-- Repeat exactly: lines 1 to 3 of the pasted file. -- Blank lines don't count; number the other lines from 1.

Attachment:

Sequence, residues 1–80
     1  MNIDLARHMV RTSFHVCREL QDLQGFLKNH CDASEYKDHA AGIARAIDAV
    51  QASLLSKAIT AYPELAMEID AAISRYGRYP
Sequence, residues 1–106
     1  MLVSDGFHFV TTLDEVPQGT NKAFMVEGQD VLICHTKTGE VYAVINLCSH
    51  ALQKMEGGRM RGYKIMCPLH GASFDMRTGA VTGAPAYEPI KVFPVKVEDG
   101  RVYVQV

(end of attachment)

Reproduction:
Sequence, residues 1–80
     1  MNIDLARHMV RTSFHVCREL QDLQGFLKNH CDASEYKDHA AGIARAIDAV
    51  QASLLSKAIT AYPELAMEID AAISRYGRYP